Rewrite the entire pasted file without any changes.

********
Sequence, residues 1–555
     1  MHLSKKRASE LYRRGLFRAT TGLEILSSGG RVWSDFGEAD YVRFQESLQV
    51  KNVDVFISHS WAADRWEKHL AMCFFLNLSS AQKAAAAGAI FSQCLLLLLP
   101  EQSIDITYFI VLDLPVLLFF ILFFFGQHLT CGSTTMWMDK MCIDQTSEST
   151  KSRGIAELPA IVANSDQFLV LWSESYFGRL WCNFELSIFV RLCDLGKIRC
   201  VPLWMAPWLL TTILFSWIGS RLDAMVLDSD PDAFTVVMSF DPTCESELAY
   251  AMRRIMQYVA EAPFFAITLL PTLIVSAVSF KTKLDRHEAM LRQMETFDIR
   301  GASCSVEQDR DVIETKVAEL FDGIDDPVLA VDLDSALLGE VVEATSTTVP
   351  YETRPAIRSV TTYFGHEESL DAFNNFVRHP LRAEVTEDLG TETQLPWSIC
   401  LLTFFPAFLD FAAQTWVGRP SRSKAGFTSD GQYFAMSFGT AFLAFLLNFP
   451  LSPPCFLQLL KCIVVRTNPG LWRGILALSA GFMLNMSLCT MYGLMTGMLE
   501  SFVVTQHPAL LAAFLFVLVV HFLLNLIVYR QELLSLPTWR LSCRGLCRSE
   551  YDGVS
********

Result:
Sequence, residues 1–555
     1  MHLSKKRASE LYRRGLFRAT TGLEILSSGG RVWSDFGEAD YVRFQESLQV
    51  KNVDVFISHS WAADRWEKHL AMCFFLNLSS AQKAAAAGAI FSQCLLLLLP
   101  EQSIDITYFI VLDLPVLLFF ILFFFGQHLT CGSTTMWMDK MCIDQTSEST
   151  KSRGIAELPA IVANSDQFLV LWSESYFGRL WCNFELSIFV RLCDLGKIRC
   201  VPLWMAPWLL TTILFSWIGS RLDAMVLDSD PDAFTVVMSF DPTCESELAY
   251  AMRRIMQYVA EAPFFAITLL PTLIVSAVSF KTKLDRHEAM LRQMETFDIR
   301  GASCSVEQDR DVIETKVAEL FDGIDDPVLA VDLDSALLGE VVEATSTTVP
   351  YETRPAIRSV TTYFGHEESL DAFNNFVRHP LRAEVTEDLG TETQLPWSIC
   401  LLTFFPAFLD FAAQTWVGRP SRSKAGFTSD GQYFAMSFGT AFLAFLLNFP
   451  LSPPCFLQLL KCIVVRTNPG LWRGILALSA GFMLNMSLCT MYGLMTGMLE
   501  SFVVTQHPAL LAAFLFVLVV HFLLNLIVYR QELLSLPTWR LSCRGLCRSE
   551  YDGVS